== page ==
“My lady, you have been injured.” Berthe, the young servant who normally takes care of the ladies of the household hustles over to me, ready to dab at my bruised face with her apron. “They are animals. Nothing but pigs, all of them.”

“I am fine, Berthe, really. I was attacked, but one of the imperial commanders intervened, and I am here, am I not?” But for how long?

A crowd is gathering around us now, all men, all of the opposing army. The menfolk of Hohenzollern are nowhere to be seen, probably imprisoned to keep them out of the way until the castle is sacked and perhaps burned. We are bombarded by a continuous chorus of ‘turn around,’ ‘let’s see the goods then,’ and, from the more direct, ‘show us yer tits, wench.’ Some of the women are even complying, posing for the entertainment of our audience. Maybe they hope to secure a more lenient spouse by their cooperation now.

I pull my dark cloak around my shoulders and fix my gaze on the ground before me. I am not unattractive, but no beauty either. Maybe my plain but even features will not be to the taste of these men.

“That one. That one there, in the cloak. She is the high and mighty little bitch who got our Kurt flayed.” The voice is whiny and the dialect low German, the speech of the north.

His meaning is clear enough. I shudder and take a step backwards.

“I am in need of a wife. I will have her.” The nasal tone is similar to that of my assailant. My heart is thumping as I edge back still further, until I come up against the exterior wall of the keep. It is to no avail. My arm is once more seized in a rough grip and I am dragged forward, out of the dwindling group of unclaimed females. I look up into the features of my latest captor, and can at once see the family resemblance. I last saw the face of his brother, if that is the kinship, as he backhanded me at the foot of the battlements staircase.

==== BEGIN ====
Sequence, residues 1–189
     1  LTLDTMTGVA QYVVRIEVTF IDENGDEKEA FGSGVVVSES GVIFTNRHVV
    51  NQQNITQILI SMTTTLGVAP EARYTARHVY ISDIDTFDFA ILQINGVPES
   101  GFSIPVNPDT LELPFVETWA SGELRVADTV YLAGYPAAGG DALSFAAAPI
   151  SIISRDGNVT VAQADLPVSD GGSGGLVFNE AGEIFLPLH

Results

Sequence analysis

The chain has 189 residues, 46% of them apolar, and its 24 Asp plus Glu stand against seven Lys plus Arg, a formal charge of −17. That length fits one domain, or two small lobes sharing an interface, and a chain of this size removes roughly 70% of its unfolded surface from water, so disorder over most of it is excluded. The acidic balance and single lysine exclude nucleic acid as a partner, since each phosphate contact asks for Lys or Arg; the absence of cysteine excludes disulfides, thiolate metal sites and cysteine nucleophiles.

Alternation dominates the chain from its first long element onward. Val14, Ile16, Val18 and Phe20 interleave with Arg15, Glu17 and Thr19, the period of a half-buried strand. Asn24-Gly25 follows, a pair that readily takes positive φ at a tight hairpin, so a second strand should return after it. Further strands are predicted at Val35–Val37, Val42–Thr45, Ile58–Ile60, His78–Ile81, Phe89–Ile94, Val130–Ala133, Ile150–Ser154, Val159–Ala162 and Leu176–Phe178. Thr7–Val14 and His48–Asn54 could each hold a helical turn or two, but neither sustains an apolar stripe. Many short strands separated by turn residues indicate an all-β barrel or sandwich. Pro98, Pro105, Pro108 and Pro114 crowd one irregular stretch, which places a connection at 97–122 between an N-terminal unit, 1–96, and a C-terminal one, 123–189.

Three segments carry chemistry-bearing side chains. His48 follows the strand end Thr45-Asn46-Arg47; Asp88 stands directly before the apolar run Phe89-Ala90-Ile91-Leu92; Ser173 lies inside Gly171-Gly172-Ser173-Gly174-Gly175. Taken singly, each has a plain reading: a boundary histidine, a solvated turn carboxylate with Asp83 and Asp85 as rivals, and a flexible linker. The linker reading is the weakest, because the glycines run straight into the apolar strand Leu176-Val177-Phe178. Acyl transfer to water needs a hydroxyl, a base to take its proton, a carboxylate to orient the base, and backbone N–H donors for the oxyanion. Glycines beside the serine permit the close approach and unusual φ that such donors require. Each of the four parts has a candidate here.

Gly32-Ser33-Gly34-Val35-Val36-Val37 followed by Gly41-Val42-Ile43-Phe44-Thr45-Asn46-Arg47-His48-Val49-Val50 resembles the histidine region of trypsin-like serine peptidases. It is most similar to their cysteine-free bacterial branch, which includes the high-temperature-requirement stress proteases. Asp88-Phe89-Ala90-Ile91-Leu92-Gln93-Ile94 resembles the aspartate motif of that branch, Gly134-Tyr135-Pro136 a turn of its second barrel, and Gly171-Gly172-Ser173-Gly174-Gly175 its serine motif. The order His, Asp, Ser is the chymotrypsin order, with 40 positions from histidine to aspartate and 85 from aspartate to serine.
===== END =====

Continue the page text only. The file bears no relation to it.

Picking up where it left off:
“Our Kurt’ll get ‘is turn on you after all. Ye’ll serve all of us, whore.”

I shake my head, desperate now. I am beyond pleading, in utter despair. Why did I so fear death if this nightmare is to be the alternative?

“Choose again. This one is not for you.” The sweet and blessedly welcome voice of the duke of Richtenholst interrupts my frantic struggles. Will he be able to save me a second time?

“I am not wed, my lord. We was told we could choose any, no matter the rank, as long as we marry ‘em.” My prospective husband is as eager as was his brother to stake his claim, it seems. I am unable to contain the sob that escapes me.

“Choose another.” The duke’s tone is low and even, and dripping with authority.

“Nay, my lord. I want this one, no other will do.”

“Then you will take no bride this day. Walk away, man. Now, else you will answer to me as your liege lord.”

“But, I…”

The duke steps right up to my would-be husband and prises the man’s fingers from my arm, one by one. In truth, he meets with little resistance now. When I am free he shoves me behind him, a position I do not mind in the least at this moment. He crosses his arms in front of his chest and regards the waiting soldiers, as though daring any of them to defy him in this. I cannot see his face, but the duke seems calm, confident, though none of his personal guard are within easy reach of us. It seems that his grace’s personal authority will carry the day. Oh, God, I do so hope.

“Do I have to make it even plainer for you? You cannot have this lady. The widow is mine.”